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Posted 11 August 2004 - 07:46 PM
Thanks in advance
Posted 11 August 2004 - 09:45 PM
Unfortunately, the powers-that-be did not see fit to let me go to the SES, so I am not sure which exact technique you are referring to.
However, it is quite possible to use CSS positioning to obtain a desired layout, regardless of where the page elements appear in the code. Having said that, since different browsers render CSS differently, this can become quite frustrating.
Is the site in question one of the 2 in your sig? If so, lemme know which one and I will try to come up with a solution for you.
Posted 11 August 2004 - 09:54 PM
If you're thinking about doing this because you've got a load of graphic files at the top of the page, and you want your text to load first, that's fine.
Posted 12 August 2004 - 08:07 AM
Simply wrap the entire page in a single, centered table with a specified width. Then do your positioning from that.
Posted 12 August 2004 - 08:11 AM
Posted 12 August 2004 - 08:16 AM
A bit of a mix is the best effectively.
I have never heard of the ability to set a load order of elements with CSS - surely you mean position something higher up in the page?
Posted 12 August 2004 - 10:39 AM
Yes ... If the site remains centered then the areas using CSS and absolute
positioning would be off every time the users resizes the window or has a
adjust the CSS position to center before we removed all the JS code. But if
the site is aligned left, as is the example you sent with the instructions,
then the positioning will not need to adjust since the site wouldn't move to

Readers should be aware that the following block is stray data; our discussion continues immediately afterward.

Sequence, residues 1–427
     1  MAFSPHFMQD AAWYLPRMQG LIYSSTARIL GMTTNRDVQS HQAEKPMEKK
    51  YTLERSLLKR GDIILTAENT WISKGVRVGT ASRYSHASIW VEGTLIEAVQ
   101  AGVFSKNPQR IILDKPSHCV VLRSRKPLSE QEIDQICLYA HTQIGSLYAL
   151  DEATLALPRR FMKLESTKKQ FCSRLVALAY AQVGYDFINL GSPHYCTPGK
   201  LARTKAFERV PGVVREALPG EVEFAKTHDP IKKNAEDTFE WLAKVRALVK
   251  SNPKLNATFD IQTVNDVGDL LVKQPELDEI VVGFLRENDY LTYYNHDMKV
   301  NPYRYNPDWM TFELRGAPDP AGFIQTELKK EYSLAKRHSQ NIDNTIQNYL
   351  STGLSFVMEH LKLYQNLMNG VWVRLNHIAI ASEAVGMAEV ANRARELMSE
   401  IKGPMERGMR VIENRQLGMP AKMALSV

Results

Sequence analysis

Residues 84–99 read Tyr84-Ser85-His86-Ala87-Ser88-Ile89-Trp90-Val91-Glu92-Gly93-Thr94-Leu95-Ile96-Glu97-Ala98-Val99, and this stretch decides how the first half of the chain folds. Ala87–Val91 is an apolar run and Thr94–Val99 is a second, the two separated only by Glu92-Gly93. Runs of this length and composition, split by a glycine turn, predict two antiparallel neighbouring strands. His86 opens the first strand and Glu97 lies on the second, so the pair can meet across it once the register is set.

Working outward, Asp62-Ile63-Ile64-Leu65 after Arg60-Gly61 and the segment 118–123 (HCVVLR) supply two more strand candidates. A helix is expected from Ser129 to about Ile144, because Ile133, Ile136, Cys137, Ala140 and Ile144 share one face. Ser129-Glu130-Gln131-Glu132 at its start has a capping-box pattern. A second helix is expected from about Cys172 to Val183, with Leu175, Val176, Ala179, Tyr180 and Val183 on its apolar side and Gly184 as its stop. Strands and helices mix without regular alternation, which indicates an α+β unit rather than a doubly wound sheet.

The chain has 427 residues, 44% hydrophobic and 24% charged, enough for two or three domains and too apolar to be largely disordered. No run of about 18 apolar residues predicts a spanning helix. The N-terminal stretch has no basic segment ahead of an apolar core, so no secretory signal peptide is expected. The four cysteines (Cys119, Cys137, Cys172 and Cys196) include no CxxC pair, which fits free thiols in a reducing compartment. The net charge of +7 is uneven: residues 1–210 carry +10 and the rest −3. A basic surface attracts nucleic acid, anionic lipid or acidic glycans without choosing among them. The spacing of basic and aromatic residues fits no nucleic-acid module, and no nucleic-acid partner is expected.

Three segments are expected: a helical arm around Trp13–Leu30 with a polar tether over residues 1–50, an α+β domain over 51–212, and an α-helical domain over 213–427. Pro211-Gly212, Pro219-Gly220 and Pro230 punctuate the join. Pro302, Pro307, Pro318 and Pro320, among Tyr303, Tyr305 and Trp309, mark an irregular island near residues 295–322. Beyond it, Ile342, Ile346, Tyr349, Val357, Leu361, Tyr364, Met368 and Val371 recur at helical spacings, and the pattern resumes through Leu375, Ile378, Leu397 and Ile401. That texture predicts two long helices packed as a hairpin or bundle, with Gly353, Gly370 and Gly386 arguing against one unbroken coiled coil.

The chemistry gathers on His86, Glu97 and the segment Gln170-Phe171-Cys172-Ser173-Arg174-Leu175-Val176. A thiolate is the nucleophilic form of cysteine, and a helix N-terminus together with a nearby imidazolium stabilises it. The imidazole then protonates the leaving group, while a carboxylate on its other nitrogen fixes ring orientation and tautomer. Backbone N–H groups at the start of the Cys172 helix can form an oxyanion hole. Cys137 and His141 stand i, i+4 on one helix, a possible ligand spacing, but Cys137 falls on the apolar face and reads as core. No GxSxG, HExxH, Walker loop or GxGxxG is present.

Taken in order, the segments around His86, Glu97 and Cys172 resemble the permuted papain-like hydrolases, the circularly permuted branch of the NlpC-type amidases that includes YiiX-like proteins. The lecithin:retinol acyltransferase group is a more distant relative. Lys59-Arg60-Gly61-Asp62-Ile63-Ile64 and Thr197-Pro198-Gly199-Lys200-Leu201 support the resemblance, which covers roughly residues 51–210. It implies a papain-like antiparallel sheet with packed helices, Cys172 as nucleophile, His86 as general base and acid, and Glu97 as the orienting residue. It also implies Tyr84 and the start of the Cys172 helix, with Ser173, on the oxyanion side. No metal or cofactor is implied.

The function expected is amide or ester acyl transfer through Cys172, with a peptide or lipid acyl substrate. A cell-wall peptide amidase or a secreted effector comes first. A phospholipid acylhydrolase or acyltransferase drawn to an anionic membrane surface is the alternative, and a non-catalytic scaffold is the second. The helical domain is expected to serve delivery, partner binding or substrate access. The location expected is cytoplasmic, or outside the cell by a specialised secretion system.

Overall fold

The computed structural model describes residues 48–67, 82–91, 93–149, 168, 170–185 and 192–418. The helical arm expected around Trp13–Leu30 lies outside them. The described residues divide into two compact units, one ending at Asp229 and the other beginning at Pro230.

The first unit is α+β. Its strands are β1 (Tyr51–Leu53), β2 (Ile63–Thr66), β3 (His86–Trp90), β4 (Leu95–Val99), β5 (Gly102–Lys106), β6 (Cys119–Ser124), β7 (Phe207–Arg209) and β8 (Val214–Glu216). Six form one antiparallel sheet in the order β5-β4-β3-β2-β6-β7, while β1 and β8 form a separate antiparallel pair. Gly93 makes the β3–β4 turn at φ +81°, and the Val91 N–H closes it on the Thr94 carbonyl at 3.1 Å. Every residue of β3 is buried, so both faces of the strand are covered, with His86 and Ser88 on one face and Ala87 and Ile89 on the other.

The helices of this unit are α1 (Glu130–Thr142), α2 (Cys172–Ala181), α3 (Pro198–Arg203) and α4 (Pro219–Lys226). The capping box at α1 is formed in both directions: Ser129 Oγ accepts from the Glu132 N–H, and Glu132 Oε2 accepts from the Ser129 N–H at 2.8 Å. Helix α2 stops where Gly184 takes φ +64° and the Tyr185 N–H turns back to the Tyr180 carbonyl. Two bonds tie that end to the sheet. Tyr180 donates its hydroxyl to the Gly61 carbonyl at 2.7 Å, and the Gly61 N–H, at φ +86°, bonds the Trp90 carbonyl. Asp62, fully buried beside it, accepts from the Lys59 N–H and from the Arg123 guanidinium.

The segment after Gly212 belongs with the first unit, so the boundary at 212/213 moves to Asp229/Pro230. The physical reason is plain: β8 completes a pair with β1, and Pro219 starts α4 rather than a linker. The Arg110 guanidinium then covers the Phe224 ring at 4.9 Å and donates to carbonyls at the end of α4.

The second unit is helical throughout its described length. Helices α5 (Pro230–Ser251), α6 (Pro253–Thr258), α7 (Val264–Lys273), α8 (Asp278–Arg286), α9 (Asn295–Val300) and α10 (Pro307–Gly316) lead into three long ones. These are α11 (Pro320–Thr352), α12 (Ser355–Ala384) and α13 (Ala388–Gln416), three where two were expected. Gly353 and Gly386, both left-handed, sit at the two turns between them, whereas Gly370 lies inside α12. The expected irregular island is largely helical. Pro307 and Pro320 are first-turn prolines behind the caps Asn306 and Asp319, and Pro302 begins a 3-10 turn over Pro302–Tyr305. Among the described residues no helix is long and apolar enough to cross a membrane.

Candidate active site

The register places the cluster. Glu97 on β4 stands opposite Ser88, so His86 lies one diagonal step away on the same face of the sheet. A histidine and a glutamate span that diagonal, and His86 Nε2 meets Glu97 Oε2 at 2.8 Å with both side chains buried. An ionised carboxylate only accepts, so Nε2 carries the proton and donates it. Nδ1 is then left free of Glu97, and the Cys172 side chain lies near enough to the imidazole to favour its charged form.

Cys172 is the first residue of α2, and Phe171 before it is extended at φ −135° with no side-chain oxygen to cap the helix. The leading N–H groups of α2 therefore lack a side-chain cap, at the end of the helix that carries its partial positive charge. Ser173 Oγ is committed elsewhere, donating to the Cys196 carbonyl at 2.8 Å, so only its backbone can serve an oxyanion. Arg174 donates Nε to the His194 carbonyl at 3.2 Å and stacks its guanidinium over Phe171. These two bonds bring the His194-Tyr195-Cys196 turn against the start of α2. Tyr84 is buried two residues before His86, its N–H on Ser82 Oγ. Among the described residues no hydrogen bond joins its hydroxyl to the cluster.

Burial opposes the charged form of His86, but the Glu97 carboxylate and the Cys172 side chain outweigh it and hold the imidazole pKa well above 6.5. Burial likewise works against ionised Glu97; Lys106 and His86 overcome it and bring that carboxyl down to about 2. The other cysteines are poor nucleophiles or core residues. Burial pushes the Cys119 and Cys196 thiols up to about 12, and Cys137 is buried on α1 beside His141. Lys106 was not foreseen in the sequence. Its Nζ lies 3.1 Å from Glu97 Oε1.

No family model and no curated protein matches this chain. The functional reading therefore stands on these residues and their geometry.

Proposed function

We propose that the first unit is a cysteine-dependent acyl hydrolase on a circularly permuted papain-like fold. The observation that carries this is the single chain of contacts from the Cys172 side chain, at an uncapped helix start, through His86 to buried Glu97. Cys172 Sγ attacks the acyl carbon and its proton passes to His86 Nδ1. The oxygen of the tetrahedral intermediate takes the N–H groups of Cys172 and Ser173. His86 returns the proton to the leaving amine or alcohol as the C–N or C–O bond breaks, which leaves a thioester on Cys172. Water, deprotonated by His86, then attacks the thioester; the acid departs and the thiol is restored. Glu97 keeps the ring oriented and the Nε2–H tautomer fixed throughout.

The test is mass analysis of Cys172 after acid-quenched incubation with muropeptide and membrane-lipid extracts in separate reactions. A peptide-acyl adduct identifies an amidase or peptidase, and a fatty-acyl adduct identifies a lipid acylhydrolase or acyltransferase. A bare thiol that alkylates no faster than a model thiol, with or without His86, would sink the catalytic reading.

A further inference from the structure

Posted 12 August 2004 - 12:55 PM
Posted 16 August 2004 - 07:41 AM
The reason you may want to change the order of div-elements on your page is not to get indexed. No the problem is if the keyword the searcher is looking for is positioned in a menusystem at the top of the HTML page (the kode) she may in certain situations see a bit of the menusystem text in the SERP and not a nice peace of text with some meaning put into it.
Prober use af meta-description and good body-text should always be used, but it happens that the SE take a snip of the menu system, tagline or adress or some other non-selling stuff. It is a part of good SEO to look nice in the SERPS too!
Posted 18 August 2004 - 06:13 AM
I'm getting exactly that problem, my google listing shows a bit of my menu in the spot where some nice seductive text should be.
Am I right in thinking you're saying that using CSS positioning I could make the menu last in the HTML without altering it's on-screen position, and therefore have some of my paragraph text in the SERP? Is there an easier way as I'm a little intimidated by CSS positioning?
I use CSS all the time for font styles and colours etc. but I haven't quite got my head around positioning yet - although maybe this is just the impetus I need to force me into it! lol (Can anyone recommend a guide/tutorial simple enough for even me to follow?)
Posted 18 August 2004 - 07:12 AM
I don't think it helps with rankings, but when I come up in a SERP, the snippet is never a piece of a navigation menu.
Posted 18 August 2004 - 09:52 AM
Couple of further questions, if you don't mind answering them.
Can you tell me what you mean by relative/absolute? (relative to what?)
also, less importantly, you have a scroll bar to the right of your content - is this a natural effect of defining a smaller content area than is needed to show the whole text? Or did you have to put some extra code in? The only other way I know to get the same type of effect is to use <whisper> frames</whisper>
Posted 18 August 2004 - 09:55 AM
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